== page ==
Wearing Shade on a t-shirt, jacket, or bag is supposed to attract it to you as a powerful magnet does. The wearable device will then send you alerts when you are getting dangerously close to your UV threshold. Wearing sunscreen? Easy as pie. Additionally, the detector will take it into consideration.
4. SunFriend Personal UV Monitor
Back in 2014, Indiegogo provided funding for this project, which resulted in one of the earliest UV monitors available for purchase. The gizmo, which can withstand being submerged in water, is not equipped with Bluetooth, which means that it may be used independently of phones. In its place, LEDs will flash to warn you when you have reached your daily cap of safe exposure to UV rays.
You adjust your own unique sensitivity level so that it is compatible with your particular skin type and colour, and the device takes care of the rest of the work while you are wearing it. The low-cost wristband has been authorized by the Vitamin D Council with the aim of maximizing vitamin D from the sun while reducing overexposure.
Oh, and there is no need to worry about charging. The SunFriend’s battery has a lifespan of up to three years and is guaranteed by the company.
5. Rooti CliMate Environment Tracker
The CliMate was initially a project funded by backers on Kickstarter. It is a cloud-shaped tracker that is very small and measures the temperature, humidity, and UV light of your immediate surroundings. It might be displayed on a stand within the room, or it could be worn on a chain outside of your bag or clothing. It will send you alerts alerting you when you need to slather on some sunblock based on the information you have previously entered as well as the readings that it gets.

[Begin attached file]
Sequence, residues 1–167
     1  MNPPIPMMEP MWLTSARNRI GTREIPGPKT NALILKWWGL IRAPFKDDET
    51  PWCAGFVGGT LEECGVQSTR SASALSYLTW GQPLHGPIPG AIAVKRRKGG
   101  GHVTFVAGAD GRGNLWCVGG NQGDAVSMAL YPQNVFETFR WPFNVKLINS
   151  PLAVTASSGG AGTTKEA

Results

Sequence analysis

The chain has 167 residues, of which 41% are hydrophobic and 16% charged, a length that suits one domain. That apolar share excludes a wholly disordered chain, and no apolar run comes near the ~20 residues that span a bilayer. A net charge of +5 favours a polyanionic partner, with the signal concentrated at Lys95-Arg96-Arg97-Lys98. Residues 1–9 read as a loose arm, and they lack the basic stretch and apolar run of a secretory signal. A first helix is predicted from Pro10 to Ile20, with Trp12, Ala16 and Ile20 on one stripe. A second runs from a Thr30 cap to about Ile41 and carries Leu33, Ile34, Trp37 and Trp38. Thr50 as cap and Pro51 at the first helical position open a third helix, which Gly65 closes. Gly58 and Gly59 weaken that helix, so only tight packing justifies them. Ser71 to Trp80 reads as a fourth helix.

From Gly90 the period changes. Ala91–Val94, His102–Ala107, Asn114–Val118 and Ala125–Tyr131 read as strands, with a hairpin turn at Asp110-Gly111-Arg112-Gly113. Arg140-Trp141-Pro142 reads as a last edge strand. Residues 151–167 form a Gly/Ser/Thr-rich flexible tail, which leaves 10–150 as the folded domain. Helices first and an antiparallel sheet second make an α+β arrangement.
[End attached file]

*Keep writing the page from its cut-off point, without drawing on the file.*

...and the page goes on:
Within the mobile app, your current condition will be represented by a cartoon plant. The plant thrives in an environment where it is safeguarded, such as yours. It dies away as soon as you let others see you.
6. Netamo June
The Netatmo June is a sun exposure monitor with a touch of style. It has been on the market for a few years now. This piece of jewellery is programmed with specific data about your skin tone, and it monitors your exposure to ultraviolet light throughout the day. It then connects with your smartphone to provide you with real-time recommendations on how to protect your skin from the sun’s harmful rays.
The bracelet has a piece that is fashioned to look like a huge diamond and is available in a variety of colours. This piece serves as the bracelet’s decoration. June is capable of being recharged and can operate for approximately one month on a full charge.
7. SunKnown UV detector
This portable UV light meter measures the amount of UV light and computes an index based on the readings. To obtain a reading, you need only to point it toward the sun and click a button.
The findings are presented in the form of an index that details the values for UVA and UVB in a distinct manner. For the benefit of those who aren’t aware, both of these are potentially dangerous rays. Long wave ultraviolet A (UVA) travels deep into the dermis of the skin, but the effects of short wave ultraviolet B (UVB) are limited to the superficial layers of your skin.
The device, which is powered by a battery, consists of a monitor that displays the information, as well as the clock, alarm, and calendar capabilities. You can hold it in your palm, or you could just use the cord and the ring that is already attached to your backpack or garments.